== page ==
A Commentary by John Stott
1 Timothy. 5:3-6:2. Social responsibilities.
Having just mentioned the older and younger men and women in the Ephesian churches (5:1-2), and how Timothy should relate to them, Paul now takes up three more particular groupings – widows, presbyters and slaves – and indicates what Timothy’s and the churches’ responsibilities are towards them. In relation to widows he is concerned about their need for support and their qualifications for ministry (5:3-16); in relation to presbyters about their pay, their appointment and their discipline (5:17-25); and in relation to slaves about the quality of their service, whether their masters are believers or not (6:1-2).
In each case Paul writes something about their service, since all three groups are called to *diakonia* (ministry) of some kind, and in the first two cases he adds instructions about their support. Moreover these two concerns belong naturally together, service being what we give and support what we receive. The interplay between them is healthy, for the Christian community (like every family) is a fellowship of ‘giving and receiving’ (Phil. 4:15).
Scripture has much to say about widows, and honours them in a way that most cultures do not. Too often a married woman is defined only in relation to her husband. Then, if he dies, she loses not only her spouse but her social significance as well. In Scripture, however, widows, orphans and aliens (people without husband, parents or home) are valued for who they are in themselves, and are said to deserve special honour, protection and care. Throughout the Bible justice and love are demanded for them. God is described as ‘a father to the fatherless’ and ‘a defender of widows’ (Ps.68:5); and it is written of him that ‘he defends the cause of the fatherless and the widow’ (Dt.10:18; cf. Ps.146:9; Pr.15:25). Because this is the kind of God he is, his people are to be the same. ‘Do not take advantage of a widow or an orphan’, he says. ‘If you do and they cry out to me, I will certainly hear their cry. My anger will be aroused…’ (Ex.22:22ff.) So magistrates who withheld justice from widows would come under God’s judgment (Dt.27:19; cf. 24:17); farmers were instructed to store a tithe of their produce for widows and orphans, and to leave them gleanings of field and orchard as well (Dt.14:28-29; 24:19ff.; 26:12-13); and the prophets regularly complained that, instead of defending and providing for widows, the nation exploited and oppressed them (Is.1:17, 23; Je.7:5ff.; 22:3; Ezk.22:7; Zc.7:10; Mal.3:5. cf. Ps.94:1ff.).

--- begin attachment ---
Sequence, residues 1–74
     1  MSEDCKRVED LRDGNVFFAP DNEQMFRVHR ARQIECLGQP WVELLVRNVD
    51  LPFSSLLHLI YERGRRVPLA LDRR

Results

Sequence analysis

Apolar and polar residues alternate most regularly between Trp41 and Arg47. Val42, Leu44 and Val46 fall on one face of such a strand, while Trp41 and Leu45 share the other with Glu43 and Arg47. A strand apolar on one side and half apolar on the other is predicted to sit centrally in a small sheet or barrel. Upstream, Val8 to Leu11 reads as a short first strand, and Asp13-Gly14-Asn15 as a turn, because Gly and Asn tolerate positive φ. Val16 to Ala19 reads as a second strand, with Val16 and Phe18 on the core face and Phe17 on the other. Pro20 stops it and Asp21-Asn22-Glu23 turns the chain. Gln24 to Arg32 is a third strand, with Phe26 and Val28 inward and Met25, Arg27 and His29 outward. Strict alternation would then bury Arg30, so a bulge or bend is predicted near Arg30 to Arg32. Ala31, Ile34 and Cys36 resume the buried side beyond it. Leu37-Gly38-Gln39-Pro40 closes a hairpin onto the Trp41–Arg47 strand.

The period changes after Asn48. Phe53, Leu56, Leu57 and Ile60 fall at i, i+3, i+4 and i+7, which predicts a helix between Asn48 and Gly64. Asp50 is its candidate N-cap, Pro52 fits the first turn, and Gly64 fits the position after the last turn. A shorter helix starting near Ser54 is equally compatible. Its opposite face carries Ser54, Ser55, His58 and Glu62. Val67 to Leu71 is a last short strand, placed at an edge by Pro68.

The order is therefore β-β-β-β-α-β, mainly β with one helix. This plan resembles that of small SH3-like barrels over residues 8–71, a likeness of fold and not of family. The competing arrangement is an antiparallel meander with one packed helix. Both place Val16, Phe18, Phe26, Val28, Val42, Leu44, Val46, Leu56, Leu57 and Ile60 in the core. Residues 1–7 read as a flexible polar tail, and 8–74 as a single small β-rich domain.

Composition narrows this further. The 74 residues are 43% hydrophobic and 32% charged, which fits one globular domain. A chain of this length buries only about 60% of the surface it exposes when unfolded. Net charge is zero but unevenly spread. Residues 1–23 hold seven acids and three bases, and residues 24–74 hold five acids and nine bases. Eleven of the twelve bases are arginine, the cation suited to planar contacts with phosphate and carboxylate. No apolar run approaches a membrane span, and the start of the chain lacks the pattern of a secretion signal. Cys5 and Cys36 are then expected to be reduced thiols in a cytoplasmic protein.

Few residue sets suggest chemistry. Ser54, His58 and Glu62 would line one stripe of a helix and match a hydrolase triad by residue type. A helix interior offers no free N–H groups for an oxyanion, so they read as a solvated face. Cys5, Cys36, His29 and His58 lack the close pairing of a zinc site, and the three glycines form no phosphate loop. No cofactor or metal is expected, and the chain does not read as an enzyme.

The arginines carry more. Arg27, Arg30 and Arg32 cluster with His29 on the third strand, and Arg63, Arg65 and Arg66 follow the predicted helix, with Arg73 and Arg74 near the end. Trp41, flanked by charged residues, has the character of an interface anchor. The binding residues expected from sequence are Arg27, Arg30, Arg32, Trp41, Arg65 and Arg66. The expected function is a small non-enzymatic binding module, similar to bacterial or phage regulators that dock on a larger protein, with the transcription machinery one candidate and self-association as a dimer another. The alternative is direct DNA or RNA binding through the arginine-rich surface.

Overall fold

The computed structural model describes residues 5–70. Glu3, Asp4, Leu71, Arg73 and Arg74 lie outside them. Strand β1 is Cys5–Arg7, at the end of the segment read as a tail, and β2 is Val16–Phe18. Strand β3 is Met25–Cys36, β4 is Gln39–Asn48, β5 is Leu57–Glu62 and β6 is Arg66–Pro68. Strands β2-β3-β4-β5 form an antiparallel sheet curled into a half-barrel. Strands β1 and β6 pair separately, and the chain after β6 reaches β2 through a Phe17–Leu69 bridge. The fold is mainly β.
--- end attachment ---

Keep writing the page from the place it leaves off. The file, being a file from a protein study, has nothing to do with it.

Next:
Our Lord Jesus was himself consistently compassionate towards widows. He restored to life the only son of the widow of Nain (Lk.7:11-12). He commended both the importunity of the widow who badgered the unjust judge into action and the generosity of the poor widow who contributed her two small copper coins to the temple treasury (Lk. 18:1ff.;Mk.12:41-42). He warned his disciples against the scribes who ‘devoured widows’ houses’, while at the same time they were ostentatiously religious (Mk.12:38). And from the cross he practised what he preached, and commended his widowed mother to the care of John (Jn.19:26-27).
The early church learned this lesson from the teaching of the Old Testament and the example of Jesus, and continued to show the same concern. Seven gifted leaders were appointed to supervise the daily distribution to the widows in Jerusalem (Acts 6:1ff.; cf. 9:39, 44), while James categorically defines religion which is ‘pure and faultless’ in God’s sight as ‘to look after orphans and widows in their distress’ (Jas.1:27).
Coming to 1 Timothy 5, we notice at once that the section on widows appears to be divided into two paragraphs, each of which is introduced by a different main verb. The widows in mind in verses 3-8 Timothy is to *give proper recognition to*, literally ‘to honour, or rather support’ , whereas those in mind in verses 9-16 he is to *put on the list of widows*, that is, ‘register’ or ‘enrol’ them. Commentators differ as to whether Paul is referring to the same group of widows in both paragraphs, or to two distinct groups. That different categories are in view is suggested not only by the different introductory verbs (‘honour’ and ‘register’), but also by the different conditions for admission into the two groups. In the first case it is destitution and godliness, while in the second it is a combination of seniority, married faithfulness and a reputation for good works. I shall take it this way, understanding that the former group of widows is to receive financial support, and the latter opportunities for ministry, alongside the presbyters and deacons of chapter 3, although no hard and fast line is drawn between the two groups, and they will probably have overlapped.
|Tomorrow: 1 Timothy 5:3-8. a). Widows to be supported.|
The John Stott Bible Study is taken from The Message of 1 Timothy. The Bible Speaks Today John Stott. Used by permission of Inter-Varsity Press UK, Nottingham. All rights reserved.